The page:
Leaves, bark cloth, bamboo, strips of wood are the primary raw materials of the Baining artist. Bark cloth is stretched and sewn over thin bamboo and wooden armatures. Large leaves are used as filler material. Bark cloth is made by a long and laborious process of beating the inner bark of a paper mulberry or breadfruit tree until the fibers separate and spreading this flattened material out into sections of approximately 18 inches wide by five feet long. The resulting cloth is soaked in a local stream, then laid out flattened on stone stones, and bleached by the sun. After the bark cloth has been cut and sewn over the leaves and the armatures, it is painted with red and black pigments. The red is often derived from chewed tuber roots, or tongue blood mixed with sugarcane water. The black is usually made by scraping the burnt outer husk of a coconut, and mixing it with sugarcane water. A thin stick with a chewed end serves as the artist's brush. In almost all Baining painting, the white bark cloth serves as white negative space surrounded by red or black pigment.

Art in the Daytime Ceremony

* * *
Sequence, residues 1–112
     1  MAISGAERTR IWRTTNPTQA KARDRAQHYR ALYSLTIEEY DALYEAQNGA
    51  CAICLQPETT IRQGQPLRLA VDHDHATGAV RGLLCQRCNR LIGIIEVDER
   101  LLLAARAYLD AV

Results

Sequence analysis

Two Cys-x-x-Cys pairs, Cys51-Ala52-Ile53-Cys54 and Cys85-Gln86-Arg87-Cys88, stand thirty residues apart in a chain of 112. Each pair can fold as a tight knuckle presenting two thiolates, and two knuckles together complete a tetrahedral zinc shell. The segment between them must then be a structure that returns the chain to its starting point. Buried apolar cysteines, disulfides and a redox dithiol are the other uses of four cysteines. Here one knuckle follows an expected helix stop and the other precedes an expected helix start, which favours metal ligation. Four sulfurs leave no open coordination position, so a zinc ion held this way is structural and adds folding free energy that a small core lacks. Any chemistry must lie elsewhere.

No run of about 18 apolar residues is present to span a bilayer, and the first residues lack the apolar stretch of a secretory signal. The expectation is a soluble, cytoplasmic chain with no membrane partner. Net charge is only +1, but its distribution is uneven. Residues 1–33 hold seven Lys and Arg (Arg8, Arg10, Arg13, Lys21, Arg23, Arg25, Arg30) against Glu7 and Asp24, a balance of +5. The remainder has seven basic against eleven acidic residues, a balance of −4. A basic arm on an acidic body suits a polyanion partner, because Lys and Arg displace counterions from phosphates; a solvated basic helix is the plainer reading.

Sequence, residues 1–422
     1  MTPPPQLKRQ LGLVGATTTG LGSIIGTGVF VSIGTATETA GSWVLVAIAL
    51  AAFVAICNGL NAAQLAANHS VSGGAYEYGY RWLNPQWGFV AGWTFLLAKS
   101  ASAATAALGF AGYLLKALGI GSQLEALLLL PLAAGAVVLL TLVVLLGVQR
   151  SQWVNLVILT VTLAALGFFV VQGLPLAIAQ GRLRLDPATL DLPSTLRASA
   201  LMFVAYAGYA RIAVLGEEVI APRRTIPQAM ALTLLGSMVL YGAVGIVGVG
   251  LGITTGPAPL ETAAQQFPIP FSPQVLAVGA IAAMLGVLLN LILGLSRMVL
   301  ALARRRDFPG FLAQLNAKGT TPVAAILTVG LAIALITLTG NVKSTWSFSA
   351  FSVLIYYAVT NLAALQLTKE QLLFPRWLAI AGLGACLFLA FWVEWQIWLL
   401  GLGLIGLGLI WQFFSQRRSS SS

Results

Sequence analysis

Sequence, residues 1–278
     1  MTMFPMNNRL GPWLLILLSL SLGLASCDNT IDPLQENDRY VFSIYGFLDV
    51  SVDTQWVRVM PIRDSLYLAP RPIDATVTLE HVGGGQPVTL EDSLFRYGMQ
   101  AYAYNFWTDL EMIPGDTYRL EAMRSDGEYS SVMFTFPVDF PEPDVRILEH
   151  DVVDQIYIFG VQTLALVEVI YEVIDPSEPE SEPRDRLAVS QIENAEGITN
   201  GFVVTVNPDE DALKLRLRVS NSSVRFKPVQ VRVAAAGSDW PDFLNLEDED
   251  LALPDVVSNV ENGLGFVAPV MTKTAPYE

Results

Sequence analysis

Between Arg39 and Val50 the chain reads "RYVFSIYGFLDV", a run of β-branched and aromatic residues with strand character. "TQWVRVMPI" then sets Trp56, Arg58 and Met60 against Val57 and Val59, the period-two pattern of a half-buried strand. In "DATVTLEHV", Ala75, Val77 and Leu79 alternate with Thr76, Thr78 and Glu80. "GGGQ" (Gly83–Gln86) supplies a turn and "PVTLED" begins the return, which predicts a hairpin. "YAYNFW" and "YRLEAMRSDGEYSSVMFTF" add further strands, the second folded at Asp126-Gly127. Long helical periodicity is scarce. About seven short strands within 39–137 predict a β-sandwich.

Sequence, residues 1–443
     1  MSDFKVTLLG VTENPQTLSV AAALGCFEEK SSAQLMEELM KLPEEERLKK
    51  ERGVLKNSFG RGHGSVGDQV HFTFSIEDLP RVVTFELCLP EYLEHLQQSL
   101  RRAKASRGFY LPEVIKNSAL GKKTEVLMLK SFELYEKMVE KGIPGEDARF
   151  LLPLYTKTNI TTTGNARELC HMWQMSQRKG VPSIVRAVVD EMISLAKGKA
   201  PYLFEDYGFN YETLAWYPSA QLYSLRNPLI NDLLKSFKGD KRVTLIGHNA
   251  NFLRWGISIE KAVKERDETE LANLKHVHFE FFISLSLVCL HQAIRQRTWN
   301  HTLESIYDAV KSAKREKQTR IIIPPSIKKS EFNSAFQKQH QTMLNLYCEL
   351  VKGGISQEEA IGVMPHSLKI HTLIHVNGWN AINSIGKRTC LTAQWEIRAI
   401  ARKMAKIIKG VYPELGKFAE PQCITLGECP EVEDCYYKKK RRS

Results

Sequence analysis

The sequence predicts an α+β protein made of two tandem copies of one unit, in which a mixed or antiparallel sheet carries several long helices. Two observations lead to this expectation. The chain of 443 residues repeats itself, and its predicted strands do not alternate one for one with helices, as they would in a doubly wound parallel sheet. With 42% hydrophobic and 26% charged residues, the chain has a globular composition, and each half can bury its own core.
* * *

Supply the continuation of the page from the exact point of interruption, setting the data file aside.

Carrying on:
In the Chachet, Kairak, and Uramot Baining, the painted bark cloth display pieces, headdresses, and composite helmet masks created for the day-dance ceremonies are worn by men. These men present themselves and the art forms to a female orchestra who sing and beat bamboo tubes on rocks and wood on the ground. To the Baining, these men and the various art forms they present or wear take on feminine identities for the brief period of their presentation to the female orchestra and the audience. After the male dancers remove their headdresses, masks, body spears and other feminine art symbols, they are regarded once again as men. Many of the costumes worn by daytime dancers include women's skirts, thereby adding to the feminine identity of the male dancers. The audience at these presentations consists of men, women, and children from various villages.